“We want what we paid for,” the soldier says.

She arches, receiving him, makes a sound that thrills him.

“Yes,” she says.

“You tell him that. You tell him that.”

“Yes.”

“You tell him…oh…goddamn it…”

“Yes.”

“…damn you, goddamn you, woman…”

“Yes.”

“…tell him…”

“Yes.”

“…we want…”

“Yes.”

“…we want the war we paid for!”

After a time, his hands leave her wrists, and she wraps her arms around him, and the silence returns, the air conditioner, the ticking of the clock, the racing of his pulse. Her lips brush his ear.

“He’ll want something in return.”

The post Start Reading Bravo by Greg Rucka appeared first on Mulholland Books.

And then There Were None (1945)

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Jul 222014
 
René Clair's 1945 film adaptation of Agatha Christie's best-selling mystery


Eight people, all total strangers to each other, are invited to small, isolated Indian Island off the coast of England, by Mr. and Mrs. Owen. They settle in at a mansion tended by two newly hired servants, Thomas and Ethel Rogers, but their hosts are absent. When the guests sit down to dinner, they notice the centerpiece, ten figurines of Indians in a circle. Afterward, Thomas puts on a gramophone record, from which a voice accuses them all of murder:
  • General Sir John Mandrake (played by C. Aubrey Smith), of ordering his wife's lover, a lieutenant, to his death
  • Emily Brent (Judith Anderson), of the death of her young nephew
  • Dr. Edward G. Armstrong (Walter Huston), of drunkenness which resulted in a patient dying
  • Prince Nikita Starloff (Mischa Auer), of killing a couple
  • Vera Claythorne (June Duprez), of murdering her sister's fiance
  • Judge Francis J. Quinncannon (Barry Fitzgerald), of being responsible for the hanging of an innocent man (Edward Seton, guilty, in the novel)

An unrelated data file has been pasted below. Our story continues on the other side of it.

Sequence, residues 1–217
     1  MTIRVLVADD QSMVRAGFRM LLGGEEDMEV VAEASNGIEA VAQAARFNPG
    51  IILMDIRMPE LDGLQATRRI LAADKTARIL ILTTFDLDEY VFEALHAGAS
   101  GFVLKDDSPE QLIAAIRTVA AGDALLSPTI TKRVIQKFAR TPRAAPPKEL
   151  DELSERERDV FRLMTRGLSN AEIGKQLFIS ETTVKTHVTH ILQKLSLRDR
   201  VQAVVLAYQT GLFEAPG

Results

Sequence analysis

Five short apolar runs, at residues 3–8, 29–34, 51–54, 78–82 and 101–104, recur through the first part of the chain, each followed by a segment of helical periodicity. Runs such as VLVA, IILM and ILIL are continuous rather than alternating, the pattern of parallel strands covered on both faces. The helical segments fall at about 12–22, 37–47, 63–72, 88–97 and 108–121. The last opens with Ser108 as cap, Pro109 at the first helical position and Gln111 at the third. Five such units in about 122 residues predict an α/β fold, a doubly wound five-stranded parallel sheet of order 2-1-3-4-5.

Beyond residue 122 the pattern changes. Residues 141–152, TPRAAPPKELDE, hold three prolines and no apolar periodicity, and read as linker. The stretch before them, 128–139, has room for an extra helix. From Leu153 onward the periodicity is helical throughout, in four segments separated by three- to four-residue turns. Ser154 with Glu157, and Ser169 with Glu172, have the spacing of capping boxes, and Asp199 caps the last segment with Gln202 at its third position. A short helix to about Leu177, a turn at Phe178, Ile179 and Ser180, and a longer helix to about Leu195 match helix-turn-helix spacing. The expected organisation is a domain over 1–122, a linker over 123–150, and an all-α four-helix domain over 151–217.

• Philip Lombard (Louis Hayward), of killing 21 East African tribesmen
  • William H. Blore (Roland Young), of perjury, resulting in an innocent man's death
  • Thomas (Richard Haydn) and Ethel Rogers (Queenie Leonard), of the demise of their previous employer, an invalid.
It turns out that none of the ten knows or has even seen "U. N. Owen," as he signed his instructions to Thomas; they suddenly realize it stands for "unknown." The guests decide to leave, but Thomas informs them that the boat will not return until Monday, and it is only Friday.

Remakes
as Ten Little Indians (1965), Ten Little Indians (1974), Desyat Negrityat (1987)
 and Ten Little Indians (1989)
 Posted by at 4:04 pm

MAX ALLAN COLLINS ON THE PASSING OF JAMES GARNER

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Jul 222014
 






James Garner

from http://www.maxallancollins.com/blog/

Like most writers who’ve had any sort of success – and this seems to apply particularly to mystery writers – I get questioned frequently about influences. If you’ve followed these updates or seen me on a convention panel or maybe just chatted with me, you know the list: Hammett, Cain, Chandler, Spillane, and a bunch of others. Writers all.
And I sometimes mention – as do such contemporaries of mine as Bob Randisi, Ed Gorman and Loren Estleman – the impact that series television had on me as a writer. Not every writer is secure enough to admit being influenced by what we used to call the boob tube (I always hear Edith Prickley saying that). But those of us who grew up in that wave of TV private eyes in late fifties were probably as influenced by such shows as Peter Gunn77 Sunset StripMickey Spillane’s Mike HammerPerry Mason and Johnny Staccato (among others) as we were Hammett, Chandler and Spillane.
More often (though still relatively seldom) you’ll hear a mystery writer admit to having been influenced by filmmakers. I frequently mention directors Alfred Hitchcock and Joseph H. Lewis, and such movies as Kiss Me Deadly andChinatown. Add Vertigo to those last two and I would challenge you to find many novels that stack up, even by the masters.
But it’s rare that any writers think to mention the influence actors have had on their fiction. I know that Italian western-era Lee Van Cleef influenced my Nolan series, for example, and Bogart is someone that writers sometimes aren’t embarrassed to cite as influential on their work. Not often, but it happens.
For me, the passing of James Garner – a man I never met and never had contact with – reminded me how big an influence this actor was on my life and my work. Before the TV private eye fad, there was the western craze, and discovering Maverick at a very young age shaped me in a way that rivals any parent or mentor. Now of course Roy Huggins had a lot to do with that, as the creator and frequent writer on the series, but it was Garner who brought life to the character, whose like we’d never seen.